• Body Metabolism
Our bodies metabolize drugs at different rates so what may have been impairing to one person may not impair someone else. Side effects of the medication can be introduced as defense evidence if suitable. The body also builds a tolerance to drugs over time.

If only a therapeutic amount is in the system that is a defense. Unlike alcohol, drug elements can stay in your system much longer, so the drug was not active in causing impairment
  • Insufficient States Evidence
If the police did not draw blood, it could be argued that the state’s evidence is not sufficient
  • Lack of Probable Cause
If you weren’t driving erratically, it might be that police didn’t have the necessary probable cause to suspect that you were driving while impaired and had no right to stop you.

Other defenses may be available because each case is different in the circumstances involved.

What does a DUI defense attorney do?

Your defense attorney will meet with you to hear your view of events and then launch an independent investigation of the evidence against you to build the best defense possible. Your doctor can be summoned to testify and refute the state’s evidence, and your medical records can be introduced in evidence.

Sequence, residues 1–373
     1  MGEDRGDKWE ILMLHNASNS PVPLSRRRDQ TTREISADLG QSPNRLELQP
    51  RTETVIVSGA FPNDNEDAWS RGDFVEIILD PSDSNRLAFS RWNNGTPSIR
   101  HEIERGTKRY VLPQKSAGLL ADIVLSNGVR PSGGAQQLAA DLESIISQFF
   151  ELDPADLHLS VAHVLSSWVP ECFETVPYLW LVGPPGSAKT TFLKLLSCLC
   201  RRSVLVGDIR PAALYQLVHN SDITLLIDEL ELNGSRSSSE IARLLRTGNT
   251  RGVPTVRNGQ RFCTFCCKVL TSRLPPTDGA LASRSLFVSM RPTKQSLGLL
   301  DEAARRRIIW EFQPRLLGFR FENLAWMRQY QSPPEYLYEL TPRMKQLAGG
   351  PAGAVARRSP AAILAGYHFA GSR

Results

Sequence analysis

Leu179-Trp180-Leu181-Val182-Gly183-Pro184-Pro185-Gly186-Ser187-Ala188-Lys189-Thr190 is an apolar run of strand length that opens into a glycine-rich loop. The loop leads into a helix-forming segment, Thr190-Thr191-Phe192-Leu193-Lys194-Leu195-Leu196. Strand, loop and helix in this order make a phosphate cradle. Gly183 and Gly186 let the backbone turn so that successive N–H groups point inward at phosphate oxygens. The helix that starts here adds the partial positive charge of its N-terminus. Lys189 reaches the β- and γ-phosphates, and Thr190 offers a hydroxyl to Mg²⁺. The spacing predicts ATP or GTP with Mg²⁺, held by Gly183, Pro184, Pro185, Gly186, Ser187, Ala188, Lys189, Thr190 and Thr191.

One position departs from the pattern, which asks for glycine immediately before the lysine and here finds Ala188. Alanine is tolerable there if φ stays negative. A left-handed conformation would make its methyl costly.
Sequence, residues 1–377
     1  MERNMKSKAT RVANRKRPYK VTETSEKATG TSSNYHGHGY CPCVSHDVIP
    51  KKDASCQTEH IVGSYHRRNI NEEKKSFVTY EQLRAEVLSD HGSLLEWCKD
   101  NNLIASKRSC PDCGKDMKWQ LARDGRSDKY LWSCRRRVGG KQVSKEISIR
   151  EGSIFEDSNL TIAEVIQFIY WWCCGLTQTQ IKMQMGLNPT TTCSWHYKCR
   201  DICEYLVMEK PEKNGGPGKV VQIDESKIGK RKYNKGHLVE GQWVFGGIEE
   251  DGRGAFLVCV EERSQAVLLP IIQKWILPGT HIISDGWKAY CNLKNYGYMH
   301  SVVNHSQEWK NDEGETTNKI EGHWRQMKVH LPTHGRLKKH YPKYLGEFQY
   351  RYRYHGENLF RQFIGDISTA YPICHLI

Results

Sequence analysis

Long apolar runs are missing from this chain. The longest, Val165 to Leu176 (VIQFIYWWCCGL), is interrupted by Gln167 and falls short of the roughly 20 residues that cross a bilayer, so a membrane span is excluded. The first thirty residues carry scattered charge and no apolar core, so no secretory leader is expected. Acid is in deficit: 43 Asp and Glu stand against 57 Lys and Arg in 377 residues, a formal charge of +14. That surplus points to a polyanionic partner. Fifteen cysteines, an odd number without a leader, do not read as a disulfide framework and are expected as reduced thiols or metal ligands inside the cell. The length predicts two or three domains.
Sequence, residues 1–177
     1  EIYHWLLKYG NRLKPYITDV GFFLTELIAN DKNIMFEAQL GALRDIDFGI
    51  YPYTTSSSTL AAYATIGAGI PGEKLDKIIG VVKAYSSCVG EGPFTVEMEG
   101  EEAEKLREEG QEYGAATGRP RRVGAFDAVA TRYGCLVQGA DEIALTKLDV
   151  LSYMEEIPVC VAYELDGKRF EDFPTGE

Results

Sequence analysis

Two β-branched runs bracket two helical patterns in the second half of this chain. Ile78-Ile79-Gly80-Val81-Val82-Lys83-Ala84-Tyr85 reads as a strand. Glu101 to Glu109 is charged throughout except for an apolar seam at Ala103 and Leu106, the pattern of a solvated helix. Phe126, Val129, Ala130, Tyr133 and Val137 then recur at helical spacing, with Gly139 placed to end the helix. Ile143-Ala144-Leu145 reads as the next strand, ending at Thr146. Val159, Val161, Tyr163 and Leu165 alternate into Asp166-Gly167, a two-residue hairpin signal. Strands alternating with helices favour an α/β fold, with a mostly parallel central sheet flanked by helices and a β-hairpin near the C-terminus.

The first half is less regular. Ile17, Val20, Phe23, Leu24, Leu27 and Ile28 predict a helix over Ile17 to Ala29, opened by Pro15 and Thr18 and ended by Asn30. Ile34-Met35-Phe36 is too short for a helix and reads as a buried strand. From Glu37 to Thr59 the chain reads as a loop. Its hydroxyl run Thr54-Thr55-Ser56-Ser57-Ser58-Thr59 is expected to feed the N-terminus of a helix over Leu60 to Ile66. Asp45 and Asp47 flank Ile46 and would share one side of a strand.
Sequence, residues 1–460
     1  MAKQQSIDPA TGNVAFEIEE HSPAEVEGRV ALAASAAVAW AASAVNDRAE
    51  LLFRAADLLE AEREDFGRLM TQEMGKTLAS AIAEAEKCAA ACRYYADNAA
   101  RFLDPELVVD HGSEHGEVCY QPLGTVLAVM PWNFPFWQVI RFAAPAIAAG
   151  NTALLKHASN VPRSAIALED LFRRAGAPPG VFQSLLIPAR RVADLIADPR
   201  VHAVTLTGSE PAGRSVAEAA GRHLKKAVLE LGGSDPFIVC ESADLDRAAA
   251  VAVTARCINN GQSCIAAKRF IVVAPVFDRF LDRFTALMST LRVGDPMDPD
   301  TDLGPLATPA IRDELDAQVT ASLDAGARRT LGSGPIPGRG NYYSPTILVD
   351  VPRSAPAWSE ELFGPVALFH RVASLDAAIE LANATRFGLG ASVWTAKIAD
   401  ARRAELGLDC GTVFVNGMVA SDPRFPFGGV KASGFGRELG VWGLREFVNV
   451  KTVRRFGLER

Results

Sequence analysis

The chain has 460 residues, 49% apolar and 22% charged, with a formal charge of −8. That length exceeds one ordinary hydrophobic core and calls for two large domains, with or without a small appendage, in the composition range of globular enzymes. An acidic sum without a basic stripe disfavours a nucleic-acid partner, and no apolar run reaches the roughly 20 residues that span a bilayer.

Many people on the roads today are taking medications so Maricopa County jurors may be persuaded to have a reasonable doubt about the state’s case and that can end your case in an acquittal.

If the state has a strong case, your attorney can negotiate with the prosecution to reduce the charge to a lesser offense with a mitigated sentence. The state often uses these negotiations to reduce the case load on the courts.

Getting charged is a difficult time, and it is imperative that you don’t wait to hire an experienced DUI defense attorney.

Free Legal Advice

If you or someone you know are facing DUI charges as the result of prescription drugs in Maricopa County, AZ contact Maricopa County DUI Defense Attorney Aaron Black or call (480)729-1683 for a free consultation.